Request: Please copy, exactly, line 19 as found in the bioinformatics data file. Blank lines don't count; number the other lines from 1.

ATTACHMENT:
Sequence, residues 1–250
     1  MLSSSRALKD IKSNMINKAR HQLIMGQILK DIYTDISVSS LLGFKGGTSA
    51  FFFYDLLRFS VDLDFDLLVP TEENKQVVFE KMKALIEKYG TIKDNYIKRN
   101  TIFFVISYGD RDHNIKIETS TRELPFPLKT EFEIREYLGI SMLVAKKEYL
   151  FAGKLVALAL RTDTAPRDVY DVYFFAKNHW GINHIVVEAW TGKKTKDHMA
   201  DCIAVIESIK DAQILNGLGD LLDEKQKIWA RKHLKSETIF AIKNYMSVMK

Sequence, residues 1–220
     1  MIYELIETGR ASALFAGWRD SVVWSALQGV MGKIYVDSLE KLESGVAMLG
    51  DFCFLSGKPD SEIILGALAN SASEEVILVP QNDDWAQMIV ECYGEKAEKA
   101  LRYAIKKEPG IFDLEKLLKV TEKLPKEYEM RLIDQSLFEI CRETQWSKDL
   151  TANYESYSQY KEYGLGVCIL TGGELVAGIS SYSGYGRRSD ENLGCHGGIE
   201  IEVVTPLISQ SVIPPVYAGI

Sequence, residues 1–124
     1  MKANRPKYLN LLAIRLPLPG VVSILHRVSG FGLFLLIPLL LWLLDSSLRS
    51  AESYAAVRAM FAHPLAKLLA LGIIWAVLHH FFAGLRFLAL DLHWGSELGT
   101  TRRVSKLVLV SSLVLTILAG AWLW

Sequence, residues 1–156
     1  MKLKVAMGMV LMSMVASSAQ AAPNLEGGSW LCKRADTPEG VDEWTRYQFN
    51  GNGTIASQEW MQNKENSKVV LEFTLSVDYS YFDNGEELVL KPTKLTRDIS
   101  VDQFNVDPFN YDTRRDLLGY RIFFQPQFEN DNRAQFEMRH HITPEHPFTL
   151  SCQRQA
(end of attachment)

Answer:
    51  GNGTIASQEW MQNKENSKVV LEFTLSVDYS YFDNGEELVL KPTKLTRDIS